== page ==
Sunday, March 23, 2008

From Richmond Times Dispatch

In one stellar game, son was just like dad

RALEIGH, N.C. There were any number of wow moments during Stephen Curry Day at the NCAA playoffs on a Freaky Friday with oodles of magic and interplanetary range electrifying the building, but the best moments were all about father-and-son.

There was, for instance, the one near the end of the first half when Curry the younger trapped himself between impulses and hiccupped a turnover. Whereupon his father (who was no slouch from distant Zip Codes, if you recall) sprang from his second-row seat and shouted to William Tell masquerading as a Davidson sophomore, "Shoot the ball, man!"

About 20 minutes of game clock and numerous Curry connections later -- score tied, a second-round berth up for grabs -- Wildcats forward Andrew Lovedale dug for a loose ball under the basket, snatched it, pivoted and whipped a pass to Curry.

Who was stationed beyond the 3-point arc.

Wide open.

And locked in.

The shot soared toward the rim, all eyes following its flight. And as it settled into the net for 77-74 en route to 82-76 over Gonzaga and euphoria, Curry the son turned to Curry the father and pointed to him with his right index finger -- much as Dell Curry had done during his heyday when his own parents were in the stands.

"He's been there my whole life," Stephen (it's pronounced STEFF-in] would say later. "The things I do on the court kind of come from him. He's in my head during the game, and I like to keep him involved."

Tres cool, no? Buzzer sounds, Stephen Curry flings the ball toward the rafters and bounds off the floor with waves toward his loved ones in Section 102. And a horde of reporters engulfs his joyful father -- much as Zags defenders had tried to gang-tackle this slender 6-3 guard without a ripple of success.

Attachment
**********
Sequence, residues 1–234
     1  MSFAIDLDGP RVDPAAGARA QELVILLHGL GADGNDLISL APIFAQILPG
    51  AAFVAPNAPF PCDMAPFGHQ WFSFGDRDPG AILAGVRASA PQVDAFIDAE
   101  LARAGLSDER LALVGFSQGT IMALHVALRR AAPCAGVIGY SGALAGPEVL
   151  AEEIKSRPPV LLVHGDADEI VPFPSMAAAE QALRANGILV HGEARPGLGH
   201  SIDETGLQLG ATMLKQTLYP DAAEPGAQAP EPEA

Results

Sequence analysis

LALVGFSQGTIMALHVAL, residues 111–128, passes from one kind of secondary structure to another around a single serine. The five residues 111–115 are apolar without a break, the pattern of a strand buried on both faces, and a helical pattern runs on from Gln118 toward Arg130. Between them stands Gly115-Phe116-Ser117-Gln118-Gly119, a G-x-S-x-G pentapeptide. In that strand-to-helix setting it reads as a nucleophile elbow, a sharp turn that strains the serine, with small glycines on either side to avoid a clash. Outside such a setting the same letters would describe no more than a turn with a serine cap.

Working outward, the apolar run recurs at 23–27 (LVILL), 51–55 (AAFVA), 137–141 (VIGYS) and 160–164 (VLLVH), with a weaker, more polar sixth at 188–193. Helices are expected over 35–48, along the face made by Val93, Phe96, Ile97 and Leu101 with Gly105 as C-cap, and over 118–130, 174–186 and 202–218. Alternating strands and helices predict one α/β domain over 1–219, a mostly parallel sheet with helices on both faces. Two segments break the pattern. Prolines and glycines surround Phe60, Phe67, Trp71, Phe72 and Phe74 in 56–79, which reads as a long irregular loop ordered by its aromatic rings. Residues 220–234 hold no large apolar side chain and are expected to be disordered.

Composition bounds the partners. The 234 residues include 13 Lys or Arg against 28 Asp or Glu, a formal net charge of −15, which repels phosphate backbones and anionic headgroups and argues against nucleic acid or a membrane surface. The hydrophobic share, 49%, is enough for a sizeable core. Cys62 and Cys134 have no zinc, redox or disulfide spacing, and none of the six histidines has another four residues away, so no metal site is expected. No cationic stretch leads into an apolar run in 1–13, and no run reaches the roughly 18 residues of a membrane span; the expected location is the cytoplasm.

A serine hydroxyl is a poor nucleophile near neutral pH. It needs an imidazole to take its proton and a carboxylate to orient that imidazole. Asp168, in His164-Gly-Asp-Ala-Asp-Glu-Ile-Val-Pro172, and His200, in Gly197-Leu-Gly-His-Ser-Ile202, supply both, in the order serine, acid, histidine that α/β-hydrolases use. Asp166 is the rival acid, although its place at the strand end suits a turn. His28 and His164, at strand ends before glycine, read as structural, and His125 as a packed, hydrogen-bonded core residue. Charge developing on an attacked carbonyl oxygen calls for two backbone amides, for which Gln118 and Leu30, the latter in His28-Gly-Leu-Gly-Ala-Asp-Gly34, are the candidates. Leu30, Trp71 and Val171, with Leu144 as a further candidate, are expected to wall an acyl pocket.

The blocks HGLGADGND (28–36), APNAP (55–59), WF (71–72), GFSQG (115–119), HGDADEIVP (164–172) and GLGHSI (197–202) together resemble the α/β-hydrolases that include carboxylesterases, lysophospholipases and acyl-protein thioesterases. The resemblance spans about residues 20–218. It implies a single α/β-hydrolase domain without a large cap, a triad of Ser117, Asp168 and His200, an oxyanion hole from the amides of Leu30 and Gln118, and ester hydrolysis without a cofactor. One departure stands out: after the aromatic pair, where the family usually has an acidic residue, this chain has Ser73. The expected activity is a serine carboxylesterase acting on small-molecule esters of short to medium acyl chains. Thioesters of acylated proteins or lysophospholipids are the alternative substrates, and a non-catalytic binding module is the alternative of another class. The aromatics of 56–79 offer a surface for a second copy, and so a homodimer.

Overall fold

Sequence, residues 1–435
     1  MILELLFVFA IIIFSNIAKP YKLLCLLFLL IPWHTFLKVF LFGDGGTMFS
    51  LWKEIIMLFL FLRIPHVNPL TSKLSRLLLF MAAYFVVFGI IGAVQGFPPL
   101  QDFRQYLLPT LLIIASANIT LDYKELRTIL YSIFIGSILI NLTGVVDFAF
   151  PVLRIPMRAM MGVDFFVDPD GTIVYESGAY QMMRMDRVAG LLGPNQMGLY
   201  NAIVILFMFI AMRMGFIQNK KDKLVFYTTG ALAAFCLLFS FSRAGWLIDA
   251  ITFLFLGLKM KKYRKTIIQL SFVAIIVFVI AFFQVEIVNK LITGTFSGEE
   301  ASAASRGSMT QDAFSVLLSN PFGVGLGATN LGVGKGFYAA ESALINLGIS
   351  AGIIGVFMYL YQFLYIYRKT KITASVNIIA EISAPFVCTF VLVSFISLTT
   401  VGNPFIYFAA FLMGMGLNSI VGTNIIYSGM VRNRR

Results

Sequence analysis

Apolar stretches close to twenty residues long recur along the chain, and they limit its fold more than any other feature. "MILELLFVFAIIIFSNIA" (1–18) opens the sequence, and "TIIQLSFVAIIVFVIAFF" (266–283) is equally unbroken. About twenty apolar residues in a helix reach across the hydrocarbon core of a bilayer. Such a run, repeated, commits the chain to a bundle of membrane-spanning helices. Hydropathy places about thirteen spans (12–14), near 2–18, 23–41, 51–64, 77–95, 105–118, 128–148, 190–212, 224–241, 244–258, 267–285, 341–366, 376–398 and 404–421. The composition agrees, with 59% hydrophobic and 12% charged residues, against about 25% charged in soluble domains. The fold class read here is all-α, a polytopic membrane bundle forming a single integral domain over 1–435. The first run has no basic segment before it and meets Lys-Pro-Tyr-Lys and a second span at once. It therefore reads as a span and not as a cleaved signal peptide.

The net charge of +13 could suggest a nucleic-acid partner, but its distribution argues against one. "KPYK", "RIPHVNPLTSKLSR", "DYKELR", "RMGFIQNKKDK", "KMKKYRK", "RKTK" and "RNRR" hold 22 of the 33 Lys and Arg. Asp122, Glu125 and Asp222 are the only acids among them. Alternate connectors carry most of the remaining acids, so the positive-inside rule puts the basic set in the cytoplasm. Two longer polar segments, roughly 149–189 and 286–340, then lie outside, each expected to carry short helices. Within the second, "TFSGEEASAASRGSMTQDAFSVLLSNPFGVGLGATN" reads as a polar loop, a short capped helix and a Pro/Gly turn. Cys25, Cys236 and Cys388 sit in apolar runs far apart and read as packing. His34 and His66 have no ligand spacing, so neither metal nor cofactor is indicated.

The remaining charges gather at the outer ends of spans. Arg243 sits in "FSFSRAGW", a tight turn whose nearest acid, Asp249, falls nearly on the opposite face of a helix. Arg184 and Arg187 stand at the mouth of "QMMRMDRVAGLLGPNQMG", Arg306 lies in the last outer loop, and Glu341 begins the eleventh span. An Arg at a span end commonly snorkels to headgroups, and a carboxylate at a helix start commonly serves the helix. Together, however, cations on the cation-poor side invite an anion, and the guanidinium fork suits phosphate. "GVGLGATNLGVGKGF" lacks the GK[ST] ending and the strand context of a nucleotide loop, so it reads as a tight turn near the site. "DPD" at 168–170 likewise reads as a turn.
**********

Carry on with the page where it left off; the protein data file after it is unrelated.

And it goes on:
"I tell you, I hit some big shots in my career, but I don't think I ever hit any that big," Dell said. "I know what my parents felt like now, except I never won an NCAA game."

Davidson hadn't either since 1969, when Lefty Driesell was the coach. Yesterday's breakthrough owed most everything to Curry, who erupted for 40 points, was an 8-for-10 deadeye from 3-point range, came up with five steals and distorted Gonzaga's defense on every possession to provide his teammates with numerous openings.

"Obviously, he's a tremendous shooter," Zags guard David Pendergraft said. "One of the things I was amazed with is his shot is so soft. He shoots it from 23 feet and you'd think he was shooting from 5 feet, it's so soft when it gets there. It's good coaching. He's well-trained."

The kid had a good teacher. Dell Curry, in short, is the best player in Virginia Tech history and as sweet a shooter as anyone who's inhabited an NBA arena -- something he did for 16 seasons. He nurtured Stephen's game ("I always saw his shot in high school, but he's a better player than I was") and sent him to a small Christian academy in Charlotte, where Dell now works in community relations for the NBA Hornets. Stephen flourished there.

And nobody wanted him -- nobody major, anyhow. Davidson, Winthrop and VCU offered a scholarship. Tech, where he'd dreamed of going, had no grants available so didn't. If you want to bottom-line it, the Hokies make these NCAAs and then some with Stephen Curry in the lineup. Fact is, any roster would be all the glossier with him on it.

"I believe most of the big-timers felt Steph was too slight, too young, not strong enough," said Davidson coach Bob McKillop. "They felt he needed to go to prep school, that he needed to get stronger, needed to eat an elephant."

At 180 pounds, the young man is still more willowy than brawny -- but obviously able to shoulder a load. He scored 30 points in a first-round loss to Maryland last year. He's rung up 1,573 -- and counting -- during these two seasons. And yesterday, he rang sirens for little Davidson with 40 big ones and swish after swish.

"I had a lot of confidence to shoot it," he said.

Like father, like . . .

Well, you know how that goes.

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